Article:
The small schools- magnet and charters- proved that it was possible to have great, college-prep schools serving low-income children in Los Angeles.
Using the skills Mr. Loya taught me, I fought for school choice and school opportunity. I organized parents at Green Dot Public Schools, created the Los Angele Parents Union, helped build the Small Schools Alliance and together we built political will to create small, high quality schools in Los Angeles- charters and small schools through public school choice policies.
It is not easy work. There is real opposition to this kind of change.
I continue to fight so families have school choice. I continue to educate parents and politicos about the importance of school choice and making sure that low-income parents have access to great schools in their neighborhoods. Sometimes, the politics of it all frustrate me, depress me. But then, I tap into the anger. The anger of the injustice. The anger of the inequality.
And I check myself.
Anger is not the winning ticket.
I tap into the love for my community and for children. The love for their future. I tap into the love that Mr. Loya, a UTLA teacher, taught me how to find.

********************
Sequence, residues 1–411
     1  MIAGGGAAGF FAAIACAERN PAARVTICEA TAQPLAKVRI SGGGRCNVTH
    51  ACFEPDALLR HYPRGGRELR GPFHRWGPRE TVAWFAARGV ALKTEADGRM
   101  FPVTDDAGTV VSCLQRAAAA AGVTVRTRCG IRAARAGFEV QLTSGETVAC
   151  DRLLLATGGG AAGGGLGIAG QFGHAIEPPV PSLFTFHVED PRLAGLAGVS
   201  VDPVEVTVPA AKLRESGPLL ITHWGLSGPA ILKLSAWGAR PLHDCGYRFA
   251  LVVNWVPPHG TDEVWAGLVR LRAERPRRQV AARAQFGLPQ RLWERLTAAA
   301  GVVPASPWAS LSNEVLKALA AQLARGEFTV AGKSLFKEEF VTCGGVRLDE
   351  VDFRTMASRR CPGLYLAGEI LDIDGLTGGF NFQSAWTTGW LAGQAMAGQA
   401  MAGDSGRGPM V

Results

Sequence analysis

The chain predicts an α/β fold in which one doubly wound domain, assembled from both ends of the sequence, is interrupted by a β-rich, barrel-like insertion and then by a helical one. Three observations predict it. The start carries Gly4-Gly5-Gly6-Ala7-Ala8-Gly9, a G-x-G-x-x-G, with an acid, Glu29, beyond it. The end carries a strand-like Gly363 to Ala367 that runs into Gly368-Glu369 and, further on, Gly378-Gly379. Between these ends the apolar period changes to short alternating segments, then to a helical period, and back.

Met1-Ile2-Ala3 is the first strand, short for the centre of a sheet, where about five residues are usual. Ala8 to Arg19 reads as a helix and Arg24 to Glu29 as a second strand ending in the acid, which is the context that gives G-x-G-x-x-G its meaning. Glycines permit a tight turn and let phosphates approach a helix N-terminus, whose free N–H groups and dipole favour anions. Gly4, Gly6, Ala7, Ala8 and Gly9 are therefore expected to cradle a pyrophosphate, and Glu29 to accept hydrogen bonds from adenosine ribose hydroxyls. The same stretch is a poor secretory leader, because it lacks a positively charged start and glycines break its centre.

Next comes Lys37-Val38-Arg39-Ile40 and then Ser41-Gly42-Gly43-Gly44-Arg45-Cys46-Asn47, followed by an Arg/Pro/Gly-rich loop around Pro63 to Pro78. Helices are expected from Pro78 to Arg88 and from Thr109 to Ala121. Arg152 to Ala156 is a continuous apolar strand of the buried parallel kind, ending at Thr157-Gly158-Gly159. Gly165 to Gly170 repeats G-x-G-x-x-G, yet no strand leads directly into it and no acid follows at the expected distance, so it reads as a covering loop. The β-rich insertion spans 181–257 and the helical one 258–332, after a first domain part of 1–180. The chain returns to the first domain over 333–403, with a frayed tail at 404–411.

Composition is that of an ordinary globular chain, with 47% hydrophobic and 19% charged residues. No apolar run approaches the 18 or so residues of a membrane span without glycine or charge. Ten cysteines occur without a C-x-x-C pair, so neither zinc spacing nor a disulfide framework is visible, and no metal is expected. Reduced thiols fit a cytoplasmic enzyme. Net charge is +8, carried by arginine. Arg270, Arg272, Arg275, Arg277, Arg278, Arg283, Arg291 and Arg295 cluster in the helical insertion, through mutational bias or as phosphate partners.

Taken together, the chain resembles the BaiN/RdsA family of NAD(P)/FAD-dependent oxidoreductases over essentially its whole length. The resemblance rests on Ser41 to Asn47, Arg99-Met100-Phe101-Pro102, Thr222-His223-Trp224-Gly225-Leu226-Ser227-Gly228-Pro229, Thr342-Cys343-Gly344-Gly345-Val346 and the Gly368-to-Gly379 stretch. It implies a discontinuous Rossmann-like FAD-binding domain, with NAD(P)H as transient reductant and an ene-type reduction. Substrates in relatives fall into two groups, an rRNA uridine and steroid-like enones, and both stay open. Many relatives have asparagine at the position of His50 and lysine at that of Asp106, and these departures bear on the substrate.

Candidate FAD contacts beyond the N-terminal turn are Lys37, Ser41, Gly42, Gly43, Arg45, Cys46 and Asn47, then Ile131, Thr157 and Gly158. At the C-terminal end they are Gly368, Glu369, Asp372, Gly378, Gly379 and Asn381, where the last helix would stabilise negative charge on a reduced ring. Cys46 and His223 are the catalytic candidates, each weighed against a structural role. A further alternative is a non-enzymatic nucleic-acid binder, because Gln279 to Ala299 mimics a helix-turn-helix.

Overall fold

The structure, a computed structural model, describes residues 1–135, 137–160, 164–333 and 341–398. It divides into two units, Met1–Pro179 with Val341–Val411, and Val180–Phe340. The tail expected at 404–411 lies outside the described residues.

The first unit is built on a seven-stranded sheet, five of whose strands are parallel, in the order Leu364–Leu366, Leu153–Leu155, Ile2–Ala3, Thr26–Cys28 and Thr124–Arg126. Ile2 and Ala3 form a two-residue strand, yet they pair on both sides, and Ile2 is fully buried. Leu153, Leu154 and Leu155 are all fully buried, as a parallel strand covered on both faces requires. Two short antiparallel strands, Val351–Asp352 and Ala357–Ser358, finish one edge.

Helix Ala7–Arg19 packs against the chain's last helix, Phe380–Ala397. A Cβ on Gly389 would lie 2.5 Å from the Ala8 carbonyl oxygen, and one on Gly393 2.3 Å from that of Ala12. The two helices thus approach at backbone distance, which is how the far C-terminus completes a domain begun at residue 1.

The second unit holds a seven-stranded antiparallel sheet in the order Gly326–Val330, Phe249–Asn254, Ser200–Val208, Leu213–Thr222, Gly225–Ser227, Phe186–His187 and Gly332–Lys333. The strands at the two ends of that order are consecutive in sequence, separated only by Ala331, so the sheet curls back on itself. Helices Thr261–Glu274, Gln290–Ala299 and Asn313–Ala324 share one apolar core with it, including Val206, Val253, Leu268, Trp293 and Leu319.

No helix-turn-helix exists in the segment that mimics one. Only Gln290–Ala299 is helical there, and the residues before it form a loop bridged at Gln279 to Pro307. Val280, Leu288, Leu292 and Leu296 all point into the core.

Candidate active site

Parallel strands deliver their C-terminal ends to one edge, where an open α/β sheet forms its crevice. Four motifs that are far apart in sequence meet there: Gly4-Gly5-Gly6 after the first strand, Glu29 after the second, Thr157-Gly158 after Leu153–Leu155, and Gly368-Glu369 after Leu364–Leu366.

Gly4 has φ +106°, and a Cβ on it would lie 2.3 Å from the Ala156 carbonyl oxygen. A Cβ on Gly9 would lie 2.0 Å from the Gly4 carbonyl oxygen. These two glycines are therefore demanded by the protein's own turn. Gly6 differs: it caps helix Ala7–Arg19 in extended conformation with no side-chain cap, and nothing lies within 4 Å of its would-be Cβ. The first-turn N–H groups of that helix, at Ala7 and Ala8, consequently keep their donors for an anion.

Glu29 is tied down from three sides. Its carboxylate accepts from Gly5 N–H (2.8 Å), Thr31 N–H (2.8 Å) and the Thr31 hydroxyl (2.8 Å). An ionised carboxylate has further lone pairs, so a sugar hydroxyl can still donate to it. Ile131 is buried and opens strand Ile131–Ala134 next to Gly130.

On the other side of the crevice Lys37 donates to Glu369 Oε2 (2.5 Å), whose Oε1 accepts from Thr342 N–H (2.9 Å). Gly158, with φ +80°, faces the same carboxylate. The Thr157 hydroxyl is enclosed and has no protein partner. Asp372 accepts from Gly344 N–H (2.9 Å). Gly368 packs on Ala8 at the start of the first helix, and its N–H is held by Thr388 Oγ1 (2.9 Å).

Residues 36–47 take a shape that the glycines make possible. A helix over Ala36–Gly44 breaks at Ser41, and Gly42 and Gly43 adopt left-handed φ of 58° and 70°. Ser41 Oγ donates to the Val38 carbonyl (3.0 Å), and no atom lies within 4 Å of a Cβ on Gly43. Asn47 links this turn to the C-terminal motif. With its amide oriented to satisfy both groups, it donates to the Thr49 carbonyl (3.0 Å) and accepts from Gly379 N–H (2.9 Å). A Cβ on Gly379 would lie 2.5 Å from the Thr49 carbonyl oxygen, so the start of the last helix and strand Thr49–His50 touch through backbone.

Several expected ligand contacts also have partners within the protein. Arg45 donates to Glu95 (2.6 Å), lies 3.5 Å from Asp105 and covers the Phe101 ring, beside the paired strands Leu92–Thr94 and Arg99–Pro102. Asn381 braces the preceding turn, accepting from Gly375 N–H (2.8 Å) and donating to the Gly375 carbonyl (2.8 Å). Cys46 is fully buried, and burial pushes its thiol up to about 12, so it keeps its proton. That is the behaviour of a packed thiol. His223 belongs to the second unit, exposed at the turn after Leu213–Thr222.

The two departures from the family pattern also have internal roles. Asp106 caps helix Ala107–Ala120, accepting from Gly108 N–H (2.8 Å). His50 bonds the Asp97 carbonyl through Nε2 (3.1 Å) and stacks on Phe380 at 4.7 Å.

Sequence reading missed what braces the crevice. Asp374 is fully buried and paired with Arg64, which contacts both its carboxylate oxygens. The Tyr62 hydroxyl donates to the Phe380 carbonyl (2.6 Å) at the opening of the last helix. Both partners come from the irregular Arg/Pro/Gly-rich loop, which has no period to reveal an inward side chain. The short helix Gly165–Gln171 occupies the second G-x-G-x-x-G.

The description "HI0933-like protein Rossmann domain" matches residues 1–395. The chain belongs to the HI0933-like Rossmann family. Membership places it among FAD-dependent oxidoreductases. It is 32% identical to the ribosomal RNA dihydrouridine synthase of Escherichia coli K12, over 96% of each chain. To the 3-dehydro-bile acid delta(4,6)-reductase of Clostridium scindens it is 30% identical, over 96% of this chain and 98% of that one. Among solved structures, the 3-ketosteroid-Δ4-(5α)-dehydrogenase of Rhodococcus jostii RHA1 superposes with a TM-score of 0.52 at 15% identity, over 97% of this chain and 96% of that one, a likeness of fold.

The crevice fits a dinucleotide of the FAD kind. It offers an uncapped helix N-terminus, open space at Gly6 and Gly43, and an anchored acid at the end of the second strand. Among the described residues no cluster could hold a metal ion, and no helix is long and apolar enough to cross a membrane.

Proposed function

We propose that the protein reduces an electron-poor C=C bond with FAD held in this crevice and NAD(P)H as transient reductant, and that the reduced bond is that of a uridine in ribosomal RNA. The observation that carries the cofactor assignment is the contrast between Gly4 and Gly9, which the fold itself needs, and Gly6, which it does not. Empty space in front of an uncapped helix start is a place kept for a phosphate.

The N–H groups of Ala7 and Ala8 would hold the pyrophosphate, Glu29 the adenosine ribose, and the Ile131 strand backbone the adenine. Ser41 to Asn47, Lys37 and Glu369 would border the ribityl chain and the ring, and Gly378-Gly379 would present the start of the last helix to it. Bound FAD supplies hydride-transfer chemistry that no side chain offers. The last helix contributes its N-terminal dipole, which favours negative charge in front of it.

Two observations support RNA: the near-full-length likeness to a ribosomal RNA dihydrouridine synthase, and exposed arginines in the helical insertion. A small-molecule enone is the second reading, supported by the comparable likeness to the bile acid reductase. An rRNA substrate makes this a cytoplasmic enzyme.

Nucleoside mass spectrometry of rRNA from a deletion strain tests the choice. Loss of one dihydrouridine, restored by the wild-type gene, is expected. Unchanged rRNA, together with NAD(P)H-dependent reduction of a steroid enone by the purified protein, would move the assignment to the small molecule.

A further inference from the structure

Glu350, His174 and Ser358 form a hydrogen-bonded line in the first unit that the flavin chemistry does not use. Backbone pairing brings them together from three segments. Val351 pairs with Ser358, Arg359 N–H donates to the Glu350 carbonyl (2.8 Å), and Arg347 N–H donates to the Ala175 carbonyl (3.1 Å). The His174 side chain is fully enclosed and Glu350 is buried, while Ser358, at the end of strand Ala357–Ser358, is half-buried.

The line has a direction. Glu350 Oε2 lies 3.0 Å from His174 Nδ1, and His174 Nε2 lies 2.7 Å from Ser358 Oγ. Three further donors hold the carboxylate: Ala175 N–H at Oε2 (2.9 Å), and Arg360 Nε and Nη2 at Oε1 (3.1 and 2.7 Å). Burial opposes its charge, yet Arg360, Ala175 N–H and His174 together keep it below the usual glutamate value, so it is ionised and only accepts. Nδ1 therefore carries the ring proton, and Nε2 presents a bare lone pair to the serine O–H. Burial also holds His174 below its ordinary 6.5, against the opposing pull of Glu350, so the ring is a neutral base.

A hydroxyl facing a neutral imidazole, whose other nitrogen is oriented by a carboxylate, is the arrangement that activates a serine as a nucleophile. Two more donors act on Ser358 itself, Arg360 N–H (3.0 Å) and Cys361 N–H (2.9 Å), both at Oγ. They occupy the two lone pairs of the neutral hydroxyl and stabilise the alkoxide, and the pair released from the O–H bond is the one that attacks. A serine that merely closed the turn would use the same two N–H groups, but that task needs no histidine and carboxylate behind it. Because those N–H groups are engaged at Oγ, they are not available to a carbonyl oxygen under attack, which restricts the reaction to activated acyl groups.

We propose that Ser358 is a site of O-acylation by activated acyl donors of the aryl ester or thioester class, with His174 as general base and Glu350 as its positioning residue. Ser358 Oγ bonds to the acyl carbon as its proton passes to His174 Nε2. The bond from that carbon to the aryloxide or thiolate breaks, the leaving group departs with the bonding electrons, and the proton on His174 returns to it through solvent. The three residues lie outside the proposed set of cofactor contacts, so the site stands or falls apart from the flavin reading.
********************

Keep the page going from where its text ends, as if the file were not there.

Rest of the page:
My Teacher, My Hero
After all these years, my teacher Mr. Loya is still my hero. I know by the way he affectionately calls me Kid, he is proud of me and the woman I have become, the contributions I have made.
I am committed to always be a small reflection of who he is- a community giant.
Today, on Teacher Appreciation Day, I honor him and his beautiful wife Linda, an extraordinary educator who changed thousands of lives in her career as college counselor at HPHS. They both taught me what it is to be a selfless community servant.
Thank you is such an understatement. Instead of just saying thank you on #teacherappreciationday, I will continue to honor you, Ric and Linda, every day by fighting for what is right and fighting for students, like you fought for me.
(Credit: Borrowed from LA Times)
Alma V. Marquez